“Anything that speaks to the balanced lifestyle carries great resonance,” Hempel says.
The project was a hit. In 2016, before the renovation was complete, workspace company WeWork leased 75,000-square-feet in the renovated center, its first venture in Silicon Valley.
A Delicate Balance
The idea of the work-life balance has changed in recent years. The traditional idea of balance has been “replaced by the concept of work-life integration,” CBRE found in its 2017 Occupier Survey. Younger employees want their workplace to reflect their attitudes and lifestyle, ranging from healthy food choices to access to nature. Seventy-six percent of the employer respondents to CBRE said they were operating some type of employee wellness program. The availability of green space, rest areas and wellness facilities are increasingly important to younger workers, CBRE’s research found.
The connection to lifestyle can take many forms. Doggy daycare centers and bike storage can link the workplace with the employees’ daily routine. In San Jose, the key element of LPA’s renovation of the 17-story Ten Almaden was the conversion of an underutilized deck into a comfortable terrace with plants, BBQ area and fire pit, providing an outdoor extension of the office space. The building also added a wellness center and state-of-the-art conference center, open to all tenants.
Finding that special amenity to make an office functional and special takes research and flexibility. For Mission Towers, a two-tower renovation project in Santa Clara, one of the building’s special elements is a space converted into a plug-and-play area for bands to practice. Several companies in the building have company bands.
In addition to researching the goals and culture of the company, LPA’s designers typically spend time monitoring the staffers’ interactions. “We observe how people actually work, not how they think they work,” McClintock says. “A lot of time, it is different than what they think.”
These days, flexibility is essential, as companies prepare for the inevitable changes that happen to a business. The space used by accounting may need to turn into the IT department. Conference rooms must perform multiple tasks. There are already signs that millennials are changing their priorities, as they grow older. Planning for today’s staff may not be appropriate for tomorrow’s team. “A lot of tenants want to be future proof,” Carlson says. “We’re really thinking about how teams gather, how they organically change over time as the project needs change.”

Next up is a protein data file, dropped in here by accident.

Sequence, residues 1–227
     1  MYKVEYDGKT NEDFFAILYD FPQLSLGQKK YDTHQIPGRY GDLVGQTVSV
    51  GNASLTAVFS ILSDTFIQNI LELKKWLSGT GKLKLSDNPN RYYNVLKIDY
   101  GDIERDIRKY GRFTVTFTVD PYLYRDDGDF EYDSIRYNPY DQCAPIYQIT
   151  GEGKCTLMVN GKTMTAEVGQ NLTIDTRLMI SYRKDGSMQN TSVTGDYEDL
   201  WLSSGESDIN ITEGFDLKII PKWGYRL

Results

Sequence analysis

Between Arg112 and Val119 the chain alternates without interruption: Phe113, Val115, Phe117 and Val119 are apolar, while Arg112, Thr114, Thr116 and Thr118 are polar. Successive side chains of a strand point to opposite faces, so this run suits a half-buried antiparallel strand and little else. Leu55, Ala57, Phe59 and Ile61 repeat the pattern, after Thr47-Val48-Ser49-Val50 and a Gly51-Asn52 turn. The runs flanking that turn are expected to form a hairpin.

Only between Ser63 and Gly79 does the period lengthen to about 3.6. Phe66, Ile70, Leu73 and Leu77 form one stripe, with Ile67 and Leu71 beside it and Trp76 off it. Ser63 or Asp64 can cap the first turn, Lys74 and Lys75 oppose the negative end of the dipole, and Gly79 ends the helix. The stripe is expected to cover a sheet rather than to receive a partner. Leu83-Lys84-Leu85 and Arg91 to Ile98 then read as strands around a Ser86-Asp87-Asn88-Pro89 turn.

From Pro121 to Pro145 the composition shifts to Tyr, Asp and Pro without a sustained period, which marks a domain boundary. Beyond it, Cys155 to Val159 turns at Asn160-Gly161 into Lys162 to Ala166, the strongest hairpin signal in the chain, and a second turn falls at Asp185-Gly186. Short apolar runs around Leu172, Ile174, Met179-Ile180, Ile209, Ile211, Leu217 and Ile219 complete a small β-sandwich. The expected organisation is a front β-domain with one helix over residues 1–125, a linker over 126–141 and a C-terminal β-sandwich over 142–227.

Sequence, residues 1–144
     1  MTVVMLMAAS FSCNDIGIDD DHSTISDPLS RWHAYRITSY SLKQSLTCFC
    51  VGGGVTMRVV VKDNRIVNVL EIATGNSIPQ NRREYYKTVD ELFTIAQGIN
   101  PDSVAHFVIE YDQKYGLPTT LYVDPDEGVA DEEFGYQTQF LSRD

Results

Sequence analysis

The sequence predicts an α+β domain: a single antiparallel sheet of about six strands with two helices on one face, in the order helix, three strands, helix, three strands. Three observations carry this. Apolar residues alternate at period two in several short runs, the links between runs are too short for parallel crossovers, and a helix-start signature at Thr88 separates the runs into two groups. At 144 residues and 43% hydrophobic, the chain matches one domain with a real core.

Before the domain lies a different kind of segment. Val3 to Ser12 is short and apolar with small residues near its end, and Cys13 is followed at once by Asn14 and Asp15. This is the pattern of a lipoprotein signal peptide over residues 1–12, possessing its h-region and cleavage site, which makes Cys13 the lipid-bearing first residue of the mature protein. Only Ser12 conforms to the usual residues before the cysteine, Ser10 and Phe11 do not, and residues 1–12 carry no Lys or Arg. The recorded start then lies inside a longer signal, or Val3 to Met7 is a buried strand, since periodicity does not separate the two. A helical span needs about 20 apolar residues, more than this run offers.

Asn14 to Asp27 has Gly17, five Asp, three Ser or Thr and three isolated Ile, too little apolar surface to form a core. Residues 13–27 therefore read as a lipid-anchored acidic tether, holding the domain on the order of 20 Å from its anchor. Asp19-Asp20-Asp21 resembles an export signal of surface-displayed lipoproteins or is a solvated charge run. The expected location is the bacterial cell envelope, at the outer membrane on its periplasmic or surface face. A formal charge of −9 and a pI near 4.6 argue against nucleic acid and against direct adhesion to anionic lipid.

High Moon’s World
In High Moon’s office, there is no receptionist. Instead, visitors are buzzed through a locked closed door to a small area with a tall counter, stools and a couple of keg spouts. “At the end of the day, people tend to hang here,” Della Penna says. There is a large break room, where the company regularly hosts lunches for the entire staff.
“Socialization is a big part of the culture,” Della Penna says. “We have creative people. They need to make work a fun, entertaining experience.”
The centerpiece of the office is a co-lab, where staffers gather every day to test games and discuss issues. High-backed booths, couches and a counter are arrayed around a row of monitors and a giant writeable wall. A large barn door opens to a conference room, making it easier to expand the space and include visitors.
In the main room, where almost all the 126 employees work, there are separate lighting zones—bright for the programmers; dark for the designers. Raised I-beams, which look like steel girders, run through the room, providing power and connectivity to the mobile work stations. Teams can be easily reconfigured and desks rearranged. A stage and screen area at the center of the room allows for impromptu staff meetings and discussions.
“Everything is incredibly efficient,” Della Penna says. And the design is focused on collaboration and communication. “Part of the strategy is we need a team that trusts each other and talks to each other,” he says.
This story originally appeared in the first edition of Catalyst, a quarterly publication that takes a deep dive into the new ideas, industry leaders and cutting-edge initiatives changing lives by design.